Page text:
Prophylactic Data Security?
by TJ Dale - Managing Director of ArmourSoft - Tuesday, 01 July 2003.
The industry is being pulled in two directions - the need to proliferate access to corporate data - everything from global trials to Internet therapy portals - and the need to protect intellectual property rights. The FDA has added its two penn'orth in the form of Part 11, but has chosen (quite rightly, I believe) not to be proscriptive, by simply issuing guideline objectives. So, where does that leave managers tasked with securing corporate and operational data?

It should be simple. First task is to restrict access (using anything from passwords to fingerprint recognition to smart cards); secondly, to frustrate anyone who manages to breach the first hurdle (typically, with encryption techniques). The reality is far from simple. Let us begin by examining some of the exposures.

Biometric watchdogs - without a full set of teeth

Biometric techniques, such as fingerprint recognition or retinal scans are very much flavour of the month and they certainly do have some compelling strengths. They are highly specific and incredibly easy to use - there is nothing to remember. They are also high tech, so they must be good.

In reality, they are nothing more than a complex password. Putting aside the problems and cost of implementing the necessary hardware across the extended enterprise, including field workers such as trials monitors, not to mention CROs, there can still be an overwhelming weak link. If, in order to validate the fingerprint or scan, a record of the original is kept somewhere on the network, then that record is just as vulnerable as any other record on the system. Not only is it vulnerable to external hackers, it is also sitting on a network that is managed and probably routinely backed up by a junior in the IT department - available to be copied electronically. In fact, biometric checks are nothing more than cleverly packaged static passwords and, apart from ease of use, can be almost as vulnerable.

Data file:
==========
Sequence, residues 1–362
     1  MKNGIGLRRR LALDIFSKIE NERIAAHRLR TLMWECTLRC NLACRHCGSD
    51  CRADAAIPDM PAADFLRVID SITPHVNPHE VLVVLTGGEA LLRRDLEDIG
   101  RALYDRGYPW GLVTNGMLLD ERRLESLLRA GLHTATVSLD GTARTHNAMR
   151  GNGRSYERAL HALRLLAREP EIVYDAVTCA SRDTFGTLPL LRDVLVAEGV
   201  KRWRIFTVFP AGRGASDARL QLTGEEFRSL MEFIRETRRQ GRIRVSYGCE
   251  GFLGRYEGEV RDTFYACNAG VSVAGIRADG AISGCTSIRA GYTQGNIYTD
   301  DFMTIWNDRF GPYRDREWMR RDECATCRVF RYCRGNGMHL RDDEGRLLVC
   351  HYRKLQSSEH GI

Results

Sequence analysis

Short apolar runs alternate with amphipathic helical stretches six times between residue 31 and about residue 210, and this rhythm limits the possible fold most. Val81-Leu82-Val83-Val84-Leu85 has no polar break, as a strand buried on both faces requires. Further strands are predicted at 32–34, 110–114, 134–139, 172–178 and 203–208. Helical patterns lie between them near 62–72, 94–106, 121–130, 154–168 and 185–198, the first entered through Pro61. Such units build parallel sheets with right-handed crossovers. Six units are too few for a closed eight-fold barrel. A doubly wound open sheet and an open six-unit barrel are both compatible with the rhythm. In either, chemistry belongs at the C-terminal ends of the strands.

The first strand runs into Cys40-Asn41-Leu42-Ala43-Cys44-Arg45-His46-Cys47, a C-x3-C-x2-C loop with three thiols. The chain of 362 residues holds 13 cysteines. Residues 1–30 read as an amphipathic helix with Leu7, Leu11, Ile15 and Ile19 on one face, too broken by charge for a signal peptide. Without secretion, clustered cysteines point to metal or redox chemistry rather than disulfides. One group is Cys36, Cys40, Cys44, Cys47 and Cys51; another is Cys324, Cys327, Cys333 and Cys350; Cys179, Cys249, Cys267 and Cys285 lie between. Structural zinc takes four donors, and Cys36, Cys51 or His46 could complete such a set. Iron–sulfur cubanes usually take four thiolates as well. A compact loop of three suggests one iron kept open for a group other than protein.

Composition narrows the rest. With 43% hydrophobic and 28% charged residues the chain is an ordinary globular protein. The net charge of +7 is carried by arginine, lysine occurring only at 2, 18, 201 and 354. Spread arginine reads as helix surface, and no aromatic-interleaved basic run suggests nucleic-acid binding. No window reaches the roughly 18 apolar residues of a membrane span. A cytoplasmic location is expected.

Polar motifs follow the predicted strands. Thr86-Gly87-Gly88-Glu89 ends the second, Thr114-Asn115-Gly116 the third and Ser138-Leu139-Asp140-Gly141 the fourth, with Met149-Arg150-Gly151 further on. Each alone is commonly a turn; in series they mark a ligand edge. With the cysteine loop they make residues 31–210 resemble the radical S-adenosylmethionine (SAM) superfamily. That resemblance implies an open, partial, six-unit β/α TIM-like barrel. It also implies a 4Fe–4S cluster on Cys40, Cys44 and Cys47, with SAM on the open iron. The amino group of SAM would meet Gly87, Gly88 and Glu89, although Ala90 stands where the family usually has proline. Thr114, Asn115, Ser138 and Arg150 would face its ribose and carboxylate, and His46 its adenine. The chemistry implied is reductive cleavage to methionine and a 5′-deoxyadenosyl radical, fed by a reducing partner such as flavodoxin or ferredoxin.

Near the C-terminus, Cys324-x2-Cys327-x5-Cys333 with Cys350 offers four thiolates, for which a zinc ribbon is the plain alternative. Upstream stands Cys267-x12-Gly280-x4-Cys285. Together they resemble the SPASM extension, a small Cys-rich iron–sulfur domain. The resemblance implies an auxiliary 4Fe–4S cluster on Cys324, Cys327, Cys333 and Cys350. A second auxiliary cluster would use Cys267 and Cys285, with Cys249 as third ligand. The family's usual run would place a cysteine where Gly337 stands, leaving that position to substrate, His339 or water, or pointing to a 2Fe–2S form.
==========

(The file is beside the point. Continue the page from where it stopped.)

Encryption - a shaky Tower of Babel

The concept of encryption is not new - the Third Reich employed an (almost) perfect technique of converting information into gibberish that could be deciphered only with the appropriate key. Modern computer encryption techniques are remarkably secure, but they can suffer operational problems.

Until recently, the problem with encryption has been the need to compromise - a choice between one of two strategies. Either adding more bolts to the door or accepting enormous overheads in terms of developing, rolling out and maintaining the encryption environment. Adding more bolts (too much authentification) makes for a user un-friendly operating environment, with complex logging on and spending what can seem like an eternity waiting for the on-screen 'egg timer', encouraging users to disable encryption. On the other hand, making encryption transparent to the user (normally through something known as partition encryption) involved high costs, and a protracted period of implementation with, for example 1 gigabyte of disk space taking typically 40 minutes to encrypt, even when empty!

The proliferation of laptop computers also compounds the potential for security breaches. Typically, a user's encryption key has been stored on the laptop (it would be pointless sending it up and down the network). Laptops are frequently stolen from cars - complete with highly sensitive data complete with the encryption key!

Outsourcing the non-core - outsourcing the secrets


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